Peeps & Mini M&Ms - this is a natural combo and the colors couldn’t look better together if I tried. The little M&Ms adhere really well to the Peep’s exposed marshmallow. The sweet chocolate has a good crunch though it might be a little too sweet.
You could probably try mini dark chocolate baking chips for a less sweet experience (though you’d lose the crunch). The little tube they come in is especially easy for mashing on the go, just press the stickiness to the opening and tip the M&Ms Minis into it.
Peep Tarts - I have to admit that I was especially proud of the name for this one. Originally I wanted to use Pixy Stix for the powder, but I couldn’t find any (I try not to keep them in the house, for sanity’s sake). So I took the powder from an extra Topps Baby Bottle Pop. The Citrus Craze powder is already less sweet because it’s also intended to be “mashed up” with the lollipop top, so it adds flavor and tartness without more throat-burning sugar.
I’m not really sold on the combo, but after eating everything pictured here within about 15 minutes I had a stomach ache. Gah, I’m getting another one just typing this up!
So, what are your ideas for Peeps Mash-ups - either theoretical ones, or ones that you actually do?
Friday, March 30, 2007
After the review of Lifesavers Jelly Beans, I kept hearing that the SweeTart Jelly Beans were also very good. (Actually, readers have been telling me this for a year, but I was hoping to catch them on sale after Easter last year, but wasn’t so lucky.)
So I went out last night looking for them. Luckily they were on sale ($1.50 a bag instead of $2.29) at RiteAid. I carefully chose a bag that looked like it had lots of yellow ones in it (the others looked very pink).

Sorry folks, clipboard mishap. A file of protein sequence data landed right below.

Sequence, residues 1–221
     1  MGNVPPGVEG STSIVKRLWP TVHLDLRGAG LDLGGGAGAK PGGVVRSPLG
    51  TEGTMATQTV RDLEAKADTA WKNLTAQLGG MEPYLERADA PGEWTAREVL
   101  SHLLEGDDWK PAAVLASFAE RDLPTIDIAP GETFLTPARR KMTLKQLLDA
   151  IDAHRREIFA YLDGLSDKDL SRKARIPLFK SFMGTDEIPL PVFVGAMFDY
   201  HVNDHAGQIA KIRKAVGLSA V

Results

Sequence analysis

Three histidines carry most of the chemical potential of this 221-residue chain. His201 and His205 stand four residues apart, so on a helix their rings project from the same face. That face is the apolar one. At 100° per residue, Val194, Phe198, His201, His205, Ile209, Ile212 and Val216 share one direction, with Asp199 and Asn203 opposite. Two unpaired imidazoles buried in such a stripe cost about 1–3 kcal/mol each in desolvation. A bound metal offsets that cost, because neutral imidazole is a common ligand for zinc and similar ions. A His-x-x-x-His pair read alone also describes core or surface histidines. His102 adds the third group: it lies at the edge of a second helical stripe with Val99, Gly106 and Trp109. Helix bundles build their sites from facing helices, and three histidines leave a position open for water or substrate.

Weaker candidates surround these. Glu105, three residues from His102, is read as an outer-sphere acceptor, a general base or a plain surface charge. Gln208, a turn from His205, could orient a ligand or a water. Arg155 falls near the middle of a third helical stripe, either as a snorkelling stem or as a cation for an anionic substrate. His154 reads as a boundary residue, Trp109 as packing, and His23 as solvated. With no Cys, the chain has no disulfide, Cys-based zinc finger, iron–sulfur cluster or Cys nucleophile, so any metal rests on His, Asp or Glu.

Unlike the Lifesavers Jelly Beans that made up flavors to include in the bag, the SweeTart Jelly Beans stick to the regular SweeTart flavors: Grape, Cherry, Orange, Lemon, Green Apple and Blue Punch.
The colors are typical of an assortment of highlighter pens (well, the purple one just wasn’t photographing well, it’s much more lilac that the photo makes it appear). They’re matte and opaque. They’re also not terribly regular in size and shape, with the colors sometimes looking a little faded in spots and other little bloops of other colors in them.
These beans are different. They candy shell on them isn’t like any other jelly bean I’ve had. Instead of just being a flavored sugar shell, these feel different. They’re a little crumbly and a little cool on the tongue. The ingredients lists dextrose as one of the main ingredients. Dextrose is the same sugar used to make SweeTart and other compressed sugar candies.
It takes a little getting used to, because at first it feels like the bean is past its prime or something. But then I really started to enjoy cleaving off parts of the shell in my mouth before chewing the rest up. They’re kind of like Lemonheads in that respect, except not as sour. The jelly center isn’t really flavored, but does have a slight tang to it (yes, I managed to just nibble off the shell on a few of them). The jelly center is the same for all of them as far as I can tell (Jelly Belly uses specific flavored centers for their beans, which is one of the reasons they’re so flavorful).
I really liked the orange and lemon, but found the grape to be a huge disappointment. It was completely missing that “malic acid” flavor of the grape SweeTart. The green apple also seemed a little weird, just not quite complete. The blue punch was much better than I expected and of course the cherry was just bitter to me. Though all of them are a bit tart, they’re not really sour like a SweeTart is. I can say from experience here that there’s no tongue damage from eating a third of a bag for breakfast (which there definitely would be with the regular chalky SweeTart).